Comics

Bryan and Mary Talbot’s Dotter of her Father’s Eyes

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At the Costa Awards this week and I had my fingers crossed for Sally Gardner’s incredible Maggot Moon, a classic children’s book with massive ‘crossover’ potential. It wasn’t really a great surprise that the judges plumped instead for Hilary Mantel’s Bring up the Bodies, but there was another book on the list that I’d have loved to have seen recognised – Dotter of her Father’s Eyes, by Mary and Bryan Talbot.

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This graphic memoir (comic book to you and I) begins this very day, February 2nd – James Joyce’s birthday. It’s the jumping off point for a narrative that weaves the young lives of Mary Talbot and Lucia, daughter of James Joyce. The two were born generations apart, but had in common their ‘cold, mad, feery fathers’ – Mary’s dad James had been a Joycean scholar.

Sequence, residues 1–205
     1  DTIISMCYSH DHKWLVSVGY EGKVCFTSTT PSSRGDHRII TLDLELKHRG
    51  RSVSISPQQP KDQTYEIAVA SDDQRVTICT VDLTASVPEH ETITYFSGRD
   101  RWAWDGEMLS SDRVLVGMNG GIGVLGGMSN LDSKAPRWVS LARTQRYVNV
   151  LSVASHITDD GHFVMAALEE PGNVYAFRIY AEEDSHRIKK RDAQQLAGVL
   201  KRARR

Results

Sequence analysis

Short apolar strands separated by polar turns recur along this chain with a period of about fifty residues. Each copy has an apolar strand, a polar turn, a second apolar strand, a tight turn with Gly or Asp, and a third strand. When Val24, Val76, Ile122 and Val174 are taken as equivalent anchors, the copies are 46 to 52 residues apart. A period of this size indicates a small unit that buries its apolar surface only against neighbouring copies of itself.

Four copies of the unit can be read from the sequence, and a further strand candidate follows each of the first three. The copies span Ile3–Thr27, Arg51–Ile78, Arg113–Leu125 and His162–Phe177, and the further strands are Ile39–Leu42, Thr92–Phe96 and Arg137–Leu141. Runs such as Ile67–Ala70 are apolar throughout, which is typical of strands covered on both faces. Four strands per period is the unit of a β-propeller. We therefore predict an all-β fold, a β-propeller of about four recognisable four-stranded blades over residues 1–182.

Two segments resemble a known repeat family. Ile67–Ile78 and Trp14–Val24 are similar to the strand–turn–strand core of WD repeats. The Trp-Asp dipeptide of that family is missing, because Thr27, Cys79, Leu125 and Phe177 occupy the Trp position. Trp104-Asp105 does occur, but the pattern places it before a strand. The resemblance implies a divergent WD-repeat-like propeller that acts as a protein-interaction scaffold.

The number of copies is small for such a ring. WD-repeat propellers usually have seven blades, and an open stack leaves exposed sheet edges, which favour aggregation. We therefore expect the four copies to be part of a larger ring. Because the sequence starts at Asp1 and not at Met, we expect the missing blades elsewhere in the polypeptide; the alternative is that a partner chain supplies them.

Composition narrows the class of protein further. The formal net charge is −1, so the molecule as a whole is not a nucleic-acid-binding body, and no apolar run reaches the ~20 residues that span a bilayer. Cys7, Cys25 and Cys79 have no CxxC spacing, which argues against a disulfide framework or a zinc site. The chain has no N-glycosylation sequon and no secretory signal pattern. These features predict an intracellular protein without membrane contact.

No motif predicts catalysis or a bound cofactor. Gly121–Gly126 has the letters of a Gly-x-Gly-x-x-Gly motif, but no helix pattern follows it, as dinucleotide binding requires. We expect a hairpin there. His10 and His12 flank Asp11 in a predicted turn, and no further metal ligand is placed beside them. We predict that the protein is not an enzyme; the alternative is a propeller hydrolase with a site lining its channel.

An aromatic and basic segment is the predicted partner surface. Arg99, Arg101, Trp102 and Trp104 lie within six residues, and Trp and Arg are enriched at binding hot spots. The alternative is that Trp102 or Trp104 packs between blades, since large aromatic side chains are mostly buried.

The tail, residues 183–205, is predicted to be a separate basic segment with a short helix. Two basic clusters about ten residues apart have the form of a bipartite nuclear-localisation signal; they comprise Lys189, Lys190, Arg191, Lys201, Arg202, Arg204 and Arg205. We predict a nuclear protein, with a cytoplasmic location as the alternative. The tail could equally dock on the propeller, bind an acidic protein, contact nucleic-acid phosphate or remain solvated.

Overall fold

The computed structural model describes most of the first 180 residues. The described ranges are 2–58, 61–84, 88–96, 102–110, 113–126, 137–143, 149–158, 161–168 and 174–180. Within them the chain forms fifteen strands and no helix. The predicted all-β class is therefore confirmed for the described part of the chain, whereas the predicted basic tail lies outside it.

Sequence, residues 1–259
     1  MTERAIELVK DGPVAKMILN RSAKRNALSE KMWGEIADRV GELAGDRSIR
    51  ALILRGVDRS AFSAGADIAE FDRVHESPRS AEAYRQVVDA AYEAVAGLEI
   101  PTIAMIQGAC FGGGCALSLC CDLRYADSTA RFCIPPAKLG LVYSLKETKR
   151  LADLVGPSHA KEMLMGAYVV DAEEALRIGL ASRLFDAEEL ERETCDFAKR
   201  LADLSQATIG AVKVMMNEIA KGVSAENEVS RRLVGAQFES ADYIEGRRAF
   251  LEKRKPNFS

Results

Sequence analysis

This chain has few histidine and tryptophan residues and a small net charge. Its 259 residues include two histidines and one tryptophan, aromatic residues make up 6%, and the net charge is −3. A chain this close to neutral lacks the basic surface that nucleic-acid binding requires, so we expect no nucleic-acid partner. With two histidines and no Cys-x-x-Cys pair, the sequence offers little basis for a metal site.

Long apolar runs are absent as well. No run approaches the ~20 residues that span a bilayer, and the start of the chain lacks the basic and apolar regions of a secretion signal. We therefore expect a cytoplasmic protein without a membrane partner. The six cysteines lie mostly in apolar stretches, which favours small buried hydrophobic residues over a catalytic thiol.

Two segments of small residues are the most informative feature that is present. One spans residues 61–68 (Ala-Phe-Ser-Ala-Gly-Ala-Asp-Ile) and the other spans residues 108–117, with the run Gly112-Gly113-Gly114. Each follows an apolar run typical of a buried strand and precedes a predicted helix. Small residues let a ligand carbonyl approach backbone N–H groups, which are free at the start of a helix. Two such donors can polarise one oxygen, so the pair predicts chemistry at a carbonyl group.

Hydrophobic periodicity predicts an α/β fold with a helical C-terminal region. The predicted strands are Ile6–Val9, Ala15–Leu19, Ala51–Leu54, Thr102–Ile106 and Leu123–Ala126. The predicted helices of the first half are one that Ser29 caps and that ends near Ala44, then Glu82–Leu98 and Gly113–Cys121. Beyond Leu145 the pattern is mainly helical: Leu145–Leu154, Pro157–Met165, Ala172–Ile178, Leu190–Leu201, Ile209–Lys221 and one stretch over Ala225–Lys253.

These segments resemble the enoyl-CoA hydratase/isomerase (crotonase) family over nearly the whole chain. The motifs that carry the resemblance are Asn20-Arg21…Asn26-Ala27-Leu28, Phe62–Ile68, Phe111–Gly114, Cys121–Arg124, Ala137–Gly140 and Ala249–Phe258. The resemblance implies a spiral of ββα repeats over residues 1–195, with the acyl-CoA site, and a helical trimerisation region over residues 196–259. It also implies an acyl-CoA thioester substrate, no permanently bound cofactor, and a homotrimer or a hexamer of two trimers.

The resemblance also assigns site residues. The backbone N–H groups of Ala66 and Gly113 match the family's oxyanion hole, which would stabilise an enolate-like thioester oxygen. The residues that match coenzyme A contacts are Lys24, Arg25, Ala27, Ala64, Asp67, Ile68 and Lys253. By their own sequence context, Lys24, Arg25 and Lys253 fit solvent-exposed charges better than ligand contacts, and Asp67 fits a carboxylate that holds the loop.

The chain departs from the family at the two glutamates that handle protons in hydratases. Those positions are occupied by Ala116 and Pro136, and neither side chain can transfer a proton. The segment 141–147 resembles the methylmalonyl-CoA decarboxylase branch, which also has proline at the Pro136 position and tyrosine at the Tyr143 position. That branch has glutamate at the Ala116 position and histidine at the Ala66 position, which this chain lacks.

It’s a brilliant, effortlessly inventive book that marries the written word with illustrated storytelling beautifully. Reviewers have been busy using it to trumpet the long awaited ‘coming of age of the graphic novel’. How Bryan Talbot must have rolled his eyes. He was part of the 80s generation that produced books like Watchmen and Maus, ‘grown up’ comics that weren’t all about men in tights with half concealed identities and fully concealed sexual hang-ups (though that’s exactly what Watchmen was).

The fanfare for Dotter of her Father’s Eyes would suggest that there’s been little of any worth in the world of comics for the last 25 years. Which is utter nonsense. The book is in fact the continuation of a long line of books that have drawn on autobiography, from Robert Crumb and Harvey Pekar in the 60s, through Maus and Raymond Briggs’ Ethel and Ernest to more recent examples by Joe Sacco and Alison Bechedel.

Ode to Joyce … Mary M Talbot and Bryan Talbot's Dotter of Her Father's Eyes.

It’d be great if Dotter of Her Father’s Eyes did open more people up to reading comic books, and particularly fitting because there are few people who’ve done more for the form than Bryan Talbot. Back in the 80s when the likes of Alan Moore and Frank Miller were scooping up the garlands, he was also innovating with works like the breathtaking Adventures of Luther Arkwright. Which you can read more about soon.

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